Intermediate+ Word of the Day: drip

drip (verb, noun) /drɪp/ LISTEN

To drip means ‘to fall in drops‘ or ‘to dribble.’ As a noun, a drip is the act of dripping, the liquid that drips, and also the sound made by the drops. Colloquially, we call someone boring or dull a drip. In medicine, a drip is the continuous introduction of a fluid into the body.

Example sentences

  • Paint dripped from the brush.
  • The faucet is dripping.
  • Lisa watched the steady drip of the rain through the window.
  • There were drips of blood forming a trail across the floor.
  • The drip of the faucet began to annoy Paul.
  • I can't stand Kate, she's such a drip.
  • The doctors put the patient on a drip.

Words often used with drip

drip-feed: to supply something one drop at a time. This is often used figuratively, to mean to give something to someone slowly and in small amounts. Example: “The journalists were getting tired of the government drip-feeding them information instead of putting them fully in the picture.”

In pop culture

Listen to the Cure’s song “10:15 Saturday Night,” from their Three Imaginary Boys album, which has quite a lot to say about a dripping tap:

Did you know?

In hydroponics (a method of growing plants without soil), drip culture is the provision of nutrients to the plants via an automatic drip system. You can learn more about hydroponics by clicking here.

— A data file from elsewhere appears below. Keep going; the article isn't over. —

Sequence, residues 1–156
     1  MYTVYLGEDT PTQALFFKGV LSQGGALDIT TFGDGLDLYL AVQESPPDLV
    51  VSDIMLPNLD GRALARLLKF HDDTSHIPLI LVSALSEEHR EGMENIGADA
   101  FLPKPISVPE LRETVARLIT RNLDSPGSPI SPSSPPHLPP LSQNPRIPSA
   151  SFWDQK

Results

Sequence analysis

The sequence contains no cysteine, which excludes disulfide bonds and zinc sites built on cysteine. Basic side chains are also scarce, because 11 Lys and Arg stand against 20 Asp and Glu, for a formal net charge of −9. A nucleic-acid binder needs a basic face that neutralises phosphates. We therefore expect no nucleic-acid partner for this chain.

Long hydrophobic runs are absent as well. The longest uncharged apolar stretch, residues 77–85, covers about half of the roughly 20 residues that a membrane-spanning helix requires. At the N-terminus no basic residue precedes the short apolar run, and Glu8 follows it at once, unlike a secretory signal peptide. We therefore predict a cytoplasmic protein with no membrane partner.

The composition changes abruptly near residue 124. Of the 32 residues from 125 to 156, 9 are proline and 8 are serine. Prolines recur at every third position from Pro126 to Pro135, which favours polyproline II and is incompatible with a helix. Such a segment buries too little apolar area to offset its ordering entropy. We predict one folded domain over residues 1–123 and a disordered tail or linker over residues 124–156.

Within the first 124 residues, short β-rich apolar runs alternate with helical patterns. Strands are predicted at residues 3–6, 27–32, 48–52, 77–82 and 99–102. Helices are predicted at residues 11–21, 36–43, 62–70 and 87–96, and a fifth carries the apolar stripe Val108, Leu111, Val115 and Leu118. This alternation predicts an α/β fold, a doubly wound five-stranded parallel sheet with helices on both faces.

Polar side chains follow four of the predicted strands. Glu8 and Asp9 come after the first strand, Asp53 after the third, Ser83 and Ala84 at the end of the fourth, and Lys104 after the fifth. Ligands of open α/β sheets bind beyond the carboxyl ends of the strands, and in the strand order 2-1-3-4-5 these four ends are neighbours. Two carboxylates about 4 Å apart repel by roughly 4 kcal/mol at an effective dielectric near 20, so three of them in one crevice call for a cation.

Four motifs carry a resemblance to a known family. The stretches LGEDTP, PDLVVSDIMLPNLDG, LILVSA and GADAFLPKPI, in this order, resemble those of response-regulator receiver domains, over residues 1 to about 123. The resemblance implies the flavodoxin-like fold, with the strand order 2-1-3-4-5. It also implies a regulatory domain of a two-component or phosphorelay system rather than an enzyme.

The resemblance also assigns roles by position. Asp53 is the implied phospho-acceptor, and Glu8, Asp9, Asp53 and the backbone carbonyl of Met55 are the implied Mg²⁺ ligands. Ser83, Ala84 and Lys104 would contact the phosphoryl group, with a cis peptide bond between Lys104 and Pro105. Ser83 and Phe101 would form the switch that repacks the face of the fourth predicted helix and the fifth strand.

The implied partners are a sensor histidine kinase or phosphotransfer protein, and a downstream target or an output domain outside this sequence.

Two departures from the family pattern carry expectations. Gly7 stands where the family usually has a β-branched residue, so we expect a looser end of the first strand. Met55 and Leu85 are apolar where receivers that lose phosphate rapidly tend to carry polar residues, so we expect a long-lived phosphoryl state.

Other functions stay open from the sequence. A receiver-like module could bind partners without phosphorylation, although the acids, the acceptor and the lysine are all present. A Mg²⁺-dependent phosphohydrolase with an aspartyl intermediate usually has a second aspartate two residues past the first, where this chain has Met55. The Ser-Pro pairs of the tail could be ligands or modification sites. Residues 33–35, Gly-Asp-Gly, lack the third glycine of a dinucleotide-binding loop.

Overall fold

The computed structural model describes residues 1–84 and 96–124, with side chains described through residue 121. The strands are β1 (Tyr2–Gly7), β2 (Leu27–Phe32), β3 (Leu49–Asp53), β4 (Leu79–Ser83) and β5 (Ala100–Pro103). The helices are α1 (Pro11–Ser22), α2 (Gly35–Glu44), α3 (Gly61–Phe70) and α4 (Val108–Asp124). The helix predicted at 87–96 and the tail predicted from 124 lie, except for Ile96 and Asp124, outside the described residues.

Drip dates back to before the year 1000. The Old English verb dryp(p)an (dryppe(n) in Middle English) meant ‘to let drop,’ while related verbs droppian and dreopan meant ‘to fall in drops’ and ‘to drop,’ respectively. It fell out of use for a while, but reappeared around the year 1300, possibly influenced by the Middle Drippe. The verb’s origin can be traced back to the Proto-Germanic root drup- and the Proto-Indo-European root dhreu-, and is related to the Dutch druipen and the German triefen, as well as the English verbs drop and droop. The noun comes from the verb, and first appeared in the mid-15th century. The slang meaning, ‘a dull or stupid person,’ dates back to the 1930s, and may have derived from an earlier American slang use of the word to mean ‘nonsense.’

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